The dialogue is set near the king-archon's court, where the two men encounter each other. They are both there for preliminary hearings before possible trials (2a).
Euthyphro has come to lay manslaughter charges against his father, as his father had allowed one of his workers to die exposed to the elements without proper care and attention (3e–4d). This worker had killed a slave belonging to the family estate on the island of Naxos; while Euthyphro's father waited to hear from the expounders of religious law (exegetes cf. Laws 759d) about how to proceed, the worker died bound and gagged in a ditch. Socrates expresses his astonishment at the confidence of a man able to take his own father to court on such a serious charge, even when Athenian Law allows only relatives of the deceased to sue for murder (Dem. 43 § 57). Euthyphro misses the astonishment, and merely confirms his overconfidence in his own judgment of religious/ethical matters. In an example of "Socratic irony," Socrates states that Euthyphro obviously has a clear understanding of what is pious (τὸ ὅσιον to hosion) and impious (τὸ ἀνόσιον to anosion). Since Socrates himself is facing a charge of impiety, he expresses the hope to learn from Euthyphro, all the better to defend himself in his own trial.
Euthyphro claims that what lies behind the charge brought against Socrates by Meletus and the other accusers is Socrates's claim that he is subjected to a daimon or divine sign which warns him of various courses of action (3b). Even more suspicious from the viewpoint of many Athenians, Socrates expresses skeptical views on the main stories about the Greek gods, which the two men briefly discuss before plunging into the main argument. Socrates expresses reservations about such accounts which show up the gods' cruelty and inconsistency. He mentions the castration of the early sky god, Uranus, by his son Cronus, saying he finds such stories very difficult to accept (6a–6c).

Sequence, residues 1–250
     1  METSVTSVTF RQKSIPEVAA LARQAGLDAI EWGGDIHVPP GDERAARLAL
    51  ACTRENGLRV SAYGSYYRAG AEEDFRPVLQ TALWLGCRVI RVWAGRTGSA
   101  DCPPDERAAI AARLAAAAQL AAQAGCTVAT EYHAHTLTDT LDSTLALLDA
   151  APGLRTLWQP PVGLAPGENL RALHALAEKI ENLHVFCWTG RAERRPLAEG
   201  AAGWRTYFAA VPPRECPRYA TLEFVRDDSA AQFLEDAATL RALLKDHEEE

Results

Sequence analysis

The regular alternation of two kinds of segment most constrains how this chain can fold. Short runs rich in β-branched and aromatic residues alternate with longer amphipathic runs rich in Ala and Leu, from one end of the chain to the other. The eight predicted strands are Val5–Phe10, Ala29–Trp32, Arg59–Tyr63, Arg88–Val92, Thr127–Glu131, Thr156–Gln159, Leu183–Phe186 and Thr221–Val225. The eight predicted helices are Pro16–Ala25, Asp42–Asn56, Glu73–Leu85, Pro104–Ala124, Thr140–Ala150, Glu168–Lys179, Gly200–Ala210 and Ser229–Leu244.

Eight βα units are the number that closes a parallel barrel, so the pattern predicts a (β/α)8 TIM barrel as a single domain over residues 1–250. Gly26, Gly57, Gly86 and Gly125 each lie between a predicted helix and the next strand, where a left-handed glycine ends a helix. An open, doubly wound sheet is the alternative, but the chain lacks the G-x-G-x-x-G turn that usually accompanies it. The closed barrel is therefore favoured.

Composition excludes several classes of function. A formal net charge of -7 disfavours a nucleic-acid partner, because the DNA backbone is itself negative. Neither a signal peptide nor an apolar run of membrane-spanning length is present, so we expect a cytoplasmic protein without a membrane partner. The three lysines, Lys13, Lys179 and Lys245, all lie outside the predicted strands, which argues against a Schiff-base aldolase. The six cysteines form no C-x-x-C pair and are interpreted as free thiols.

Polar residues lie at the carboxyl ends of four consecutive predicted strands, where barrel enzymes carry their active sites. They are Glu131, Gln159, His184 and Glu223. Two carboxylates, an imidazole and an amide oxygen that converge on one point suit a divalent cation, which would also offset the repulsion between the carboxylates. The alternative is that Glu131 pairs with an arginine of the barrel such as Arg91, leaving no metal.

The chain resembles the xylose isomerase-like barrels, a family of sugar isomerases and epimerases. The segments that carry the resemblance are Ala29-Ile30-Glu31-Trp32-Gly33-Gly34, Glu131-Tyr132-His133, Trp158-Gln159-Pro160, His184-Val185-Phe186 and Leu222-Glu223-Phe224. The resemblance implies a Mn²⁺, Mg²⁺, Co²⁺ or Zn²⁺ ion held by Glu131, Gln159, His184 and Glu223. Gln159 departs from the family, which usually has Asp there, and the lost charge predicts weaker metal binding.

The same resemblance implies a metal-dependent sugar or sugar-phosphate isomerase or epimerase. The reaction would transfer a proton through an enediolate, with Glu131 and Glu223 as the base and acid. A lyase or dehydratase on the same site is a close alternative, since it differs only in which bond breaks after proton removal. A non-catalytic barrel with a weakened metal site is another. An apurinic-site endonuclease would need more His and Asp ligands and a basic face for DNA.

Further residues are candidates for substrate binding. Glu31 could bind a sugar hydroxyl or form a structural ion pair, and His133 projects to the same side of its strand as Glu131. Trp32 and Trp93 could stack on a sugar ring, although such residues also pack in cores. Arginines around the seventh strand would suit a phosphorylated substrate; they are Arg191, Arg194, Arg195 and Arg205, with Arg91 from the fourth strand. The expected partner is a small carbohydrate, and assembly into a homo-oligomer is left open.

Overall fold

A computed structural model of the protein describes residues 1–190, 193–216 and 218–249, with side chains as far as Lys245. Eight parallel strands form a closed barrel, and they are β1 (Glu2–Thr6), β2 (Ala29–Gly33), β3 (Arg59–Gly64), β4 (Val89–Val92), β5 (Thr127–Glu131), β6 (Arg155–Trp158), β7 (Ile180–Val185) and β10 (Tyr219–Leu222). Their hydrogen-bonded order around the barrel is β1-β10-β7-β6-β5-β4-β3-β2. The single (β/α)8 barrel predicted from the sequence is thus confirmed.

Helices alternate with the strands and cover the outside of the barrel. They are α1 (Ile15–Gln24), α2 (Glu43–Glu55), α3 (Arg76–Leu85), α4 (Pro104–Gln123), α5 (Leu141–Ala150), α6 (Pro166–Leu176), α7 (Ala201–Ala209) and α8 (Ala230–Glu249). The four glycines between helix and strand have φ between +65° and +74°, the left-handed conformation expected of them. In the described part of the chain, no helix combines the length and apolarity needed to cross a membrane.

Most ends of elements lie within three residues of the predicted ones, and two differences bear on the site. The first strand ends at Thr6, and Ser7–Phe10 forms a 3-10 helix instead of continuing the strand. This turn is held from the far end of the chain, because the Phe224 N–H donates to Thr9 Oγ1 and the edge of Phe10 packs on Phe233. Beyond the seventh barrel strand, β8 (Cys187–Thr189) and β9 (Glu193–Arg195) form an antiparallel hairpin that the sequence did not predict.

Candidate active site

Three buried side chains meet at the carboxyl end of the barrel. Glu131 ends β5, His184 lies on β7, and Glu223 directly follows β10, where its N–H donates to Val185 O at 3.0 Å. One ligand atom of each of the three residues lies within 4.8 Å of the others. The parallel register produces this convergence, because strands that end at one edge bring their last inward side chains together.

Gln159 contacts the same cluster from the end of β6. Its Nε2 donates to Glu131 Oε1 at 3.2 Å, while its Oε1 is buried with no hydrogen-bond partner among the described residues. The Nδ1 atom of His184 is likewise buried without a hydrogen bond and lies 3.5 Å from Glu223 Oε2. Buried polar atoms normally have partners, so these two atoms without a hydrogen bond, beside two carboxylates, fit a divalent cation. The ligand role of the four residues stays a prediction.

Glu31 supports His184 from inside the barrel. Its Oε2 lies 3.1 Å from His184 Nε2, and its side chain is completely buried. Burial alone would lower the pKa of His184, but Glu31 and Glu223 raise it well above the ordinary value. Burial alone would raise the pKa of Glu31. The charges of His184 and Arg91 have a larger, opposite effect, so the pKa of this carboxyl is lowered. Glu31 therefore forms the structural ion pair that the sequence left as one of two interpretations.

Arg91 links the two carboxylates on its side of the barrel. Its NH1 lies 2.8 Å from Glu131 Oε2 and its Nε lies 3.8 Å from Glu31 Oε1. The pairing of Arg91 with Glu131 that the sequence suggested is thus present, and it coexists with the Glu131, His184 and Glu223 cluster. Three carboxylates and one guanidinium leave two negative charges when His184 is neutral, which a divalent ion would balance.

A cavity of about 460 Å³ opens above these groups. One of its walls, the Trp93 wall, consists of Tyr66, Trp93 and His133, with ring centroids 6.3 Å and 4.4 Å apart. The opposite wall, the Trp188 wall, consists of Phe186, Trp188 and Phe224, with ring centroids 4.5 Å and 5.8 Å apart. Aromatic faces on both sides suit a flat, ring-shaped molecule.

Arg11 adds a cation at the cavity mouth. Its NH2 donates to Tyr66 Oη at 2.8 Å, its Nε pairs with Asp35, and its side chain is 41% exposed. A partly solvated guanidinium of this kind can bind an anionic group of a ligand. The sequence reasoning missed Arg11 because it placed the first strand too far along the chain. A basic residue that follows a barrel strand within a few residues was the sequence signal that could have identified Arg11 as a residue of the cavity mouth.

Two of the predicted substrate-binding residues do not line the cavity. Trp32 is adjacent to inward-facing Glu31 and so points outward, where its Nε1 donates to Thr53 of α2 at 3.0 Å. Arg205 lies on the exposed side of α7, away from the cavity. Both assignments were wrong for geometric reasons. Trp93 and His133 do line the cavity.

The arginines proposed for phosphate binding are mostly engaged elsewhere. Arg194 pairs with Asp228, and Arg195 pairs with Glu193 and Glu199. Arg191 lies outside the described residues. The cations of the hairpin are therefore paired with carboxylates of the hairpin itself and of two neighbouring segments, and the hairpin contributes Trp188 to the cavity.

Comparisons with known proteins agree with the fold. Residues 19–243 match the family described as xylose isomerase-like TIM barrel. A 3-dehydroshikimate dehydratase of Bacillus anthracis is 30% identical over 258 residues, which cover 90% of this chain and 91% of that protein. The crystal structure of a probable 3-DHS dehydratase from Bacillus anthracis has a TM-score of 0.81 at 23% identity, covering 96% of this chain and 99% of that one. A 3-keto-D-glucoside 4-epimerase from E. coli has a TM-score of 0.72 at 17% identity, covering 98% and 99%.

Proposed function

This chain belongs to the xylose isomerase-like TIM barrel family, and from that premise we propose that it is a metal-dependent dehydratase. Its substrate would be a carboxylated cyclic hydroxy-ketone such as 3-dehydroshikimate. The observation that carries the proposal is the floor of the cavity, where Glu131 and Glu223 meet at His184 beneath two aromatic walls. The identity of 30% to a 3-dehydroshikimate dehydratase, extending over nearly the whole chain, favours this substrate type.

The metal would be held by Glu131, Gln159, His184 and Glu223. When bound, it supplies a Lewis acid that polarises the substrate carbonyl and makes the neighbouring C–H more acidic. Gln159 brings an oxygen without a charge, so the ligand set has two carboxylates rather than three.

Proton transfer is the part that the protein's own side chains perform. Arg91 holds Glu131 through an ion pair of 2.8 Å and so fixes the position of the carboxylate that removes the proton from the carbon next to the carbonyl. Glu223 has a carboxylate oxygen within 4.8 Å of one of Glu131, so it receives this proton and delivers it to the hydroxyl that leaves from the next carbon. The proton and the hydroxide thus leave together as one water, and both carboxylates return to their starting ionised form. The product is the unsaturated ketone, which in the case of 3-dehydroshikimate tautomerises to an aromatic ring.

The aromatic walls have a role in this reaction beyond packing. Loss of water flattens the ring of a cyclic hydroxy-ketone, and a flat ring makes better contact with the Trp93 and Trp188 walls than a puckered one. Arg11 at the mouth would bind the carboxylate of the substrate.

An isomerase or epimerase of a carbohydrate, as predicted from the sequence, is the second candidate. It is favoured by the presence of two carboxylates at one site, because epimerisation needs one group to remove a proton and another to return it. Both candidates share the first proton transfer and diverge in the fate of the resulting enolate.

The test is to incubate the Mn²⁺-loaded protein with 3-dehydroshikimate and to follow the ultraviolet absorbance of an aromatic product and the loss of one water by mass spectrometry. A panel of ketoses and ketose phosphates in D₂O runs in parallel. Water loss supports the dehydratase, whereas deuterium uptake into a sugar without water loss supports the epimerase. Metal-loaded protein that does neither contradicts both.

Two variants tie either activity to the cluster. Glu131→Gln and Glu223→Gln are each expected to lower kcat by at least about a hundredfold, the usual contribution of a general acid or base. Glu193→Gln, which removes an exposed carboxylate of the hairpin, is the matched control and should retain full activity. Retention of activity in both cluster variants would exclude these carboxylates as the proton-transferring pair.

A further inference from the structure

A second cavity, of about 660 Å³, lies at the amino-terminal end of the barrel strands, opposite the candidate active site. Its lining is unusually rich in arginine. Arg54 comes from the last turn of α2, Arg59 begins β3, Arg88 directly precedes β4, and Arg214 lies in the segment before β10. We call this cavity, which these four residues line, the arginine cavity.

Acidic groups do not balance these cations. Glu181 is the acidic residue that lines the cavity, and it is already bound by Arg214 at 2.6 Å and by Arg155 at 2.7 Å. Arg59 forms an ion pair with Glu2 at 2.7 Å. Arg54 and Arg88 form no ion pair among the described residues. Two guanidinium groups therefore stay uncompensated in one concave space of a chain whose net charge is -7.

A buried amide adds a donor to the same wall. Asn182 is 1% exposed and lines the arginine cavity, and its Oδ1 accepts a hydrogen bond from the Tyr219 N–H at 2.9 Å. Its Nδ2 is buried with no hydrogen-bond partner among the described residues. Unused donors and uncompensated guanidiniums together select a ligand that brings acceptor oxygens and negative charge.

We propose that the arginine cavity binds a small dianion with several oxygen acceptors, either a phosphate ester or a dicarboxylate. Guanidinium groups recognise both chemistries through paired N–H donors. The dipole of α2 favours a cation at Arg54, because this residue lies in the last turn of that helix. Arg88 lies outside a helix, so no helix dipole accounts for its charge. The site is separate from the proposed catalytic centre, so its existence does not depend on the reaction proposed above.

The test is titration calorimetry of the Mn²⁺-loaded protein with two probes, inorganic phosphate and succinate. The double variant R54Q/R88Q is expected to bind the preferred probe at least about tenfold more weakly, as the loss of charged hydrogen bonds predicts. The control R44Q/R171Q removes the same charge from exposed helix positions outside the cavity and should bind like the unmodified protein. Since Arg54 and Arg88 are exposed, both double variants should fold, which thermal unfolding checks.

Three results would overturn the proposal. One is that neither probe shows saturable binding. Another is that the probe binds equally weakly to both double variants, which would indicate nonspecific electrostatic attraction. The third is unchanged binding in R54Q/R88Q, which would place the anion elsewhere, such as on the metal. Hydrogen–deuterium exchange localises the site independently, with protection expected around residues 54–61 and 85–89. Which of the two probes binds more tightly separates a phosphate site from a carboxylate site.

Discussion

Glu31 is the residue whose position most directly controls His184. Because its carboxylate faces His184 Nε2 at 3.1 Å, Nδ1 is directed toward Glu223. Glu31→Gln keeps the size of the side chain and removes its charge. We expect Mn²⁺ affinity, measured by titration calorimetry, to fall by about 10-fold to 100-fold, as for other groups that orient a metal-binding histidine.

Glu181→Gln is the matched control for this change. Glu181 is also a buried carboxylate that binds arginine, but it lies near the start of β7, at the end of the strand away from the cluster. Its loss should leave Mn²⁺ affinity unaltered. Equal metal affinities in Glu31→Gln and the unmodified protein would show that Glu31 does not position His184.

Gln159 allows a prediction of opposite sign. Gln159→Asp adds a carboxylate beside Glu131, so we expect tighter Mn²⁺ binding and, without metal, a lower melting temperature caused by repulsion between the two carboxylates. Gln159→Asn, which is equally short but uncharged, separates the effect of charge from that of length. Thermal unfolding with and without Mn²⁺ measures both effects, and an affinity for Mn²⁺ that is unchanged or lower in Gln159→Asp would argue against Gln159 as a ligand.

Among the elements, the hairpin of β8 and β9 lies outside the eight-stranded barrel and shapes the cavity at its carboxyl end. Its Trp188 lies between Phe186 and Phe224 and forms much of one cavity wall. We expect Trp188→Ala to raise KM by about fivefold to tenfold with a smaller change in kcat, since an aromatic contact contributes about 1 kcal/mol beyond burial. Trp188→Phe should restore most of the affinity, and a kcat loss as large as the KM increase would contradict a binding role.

Euthyphro, after claiming to be able to tell even more amazing such stories, spends little time or effort defending the conventional view of the gods. Instead, he is led straight to the real task at hand, as Socrates forces him to confront his ignorance, ever pressing him for a definition of 'piety'. Yet, with every definition Euthyphro proposes, Socrates very quickly finds a fatal flaw (6d ff.).
At the end of the dialogue, Euthyphro is forced to admit that each definition has been a failure, but rather than correct it, he makes the excuse that it is time for him to go, and Socrates ends the dialogue with a classic example of Socratic irony: since Euthyphro has been unable to come up with a definition that will stand on its own two feet, Euthyphro has failed to teach Socrates anything at all about piety, and so he has received no aid for his own defense at his own trial (15c ff.).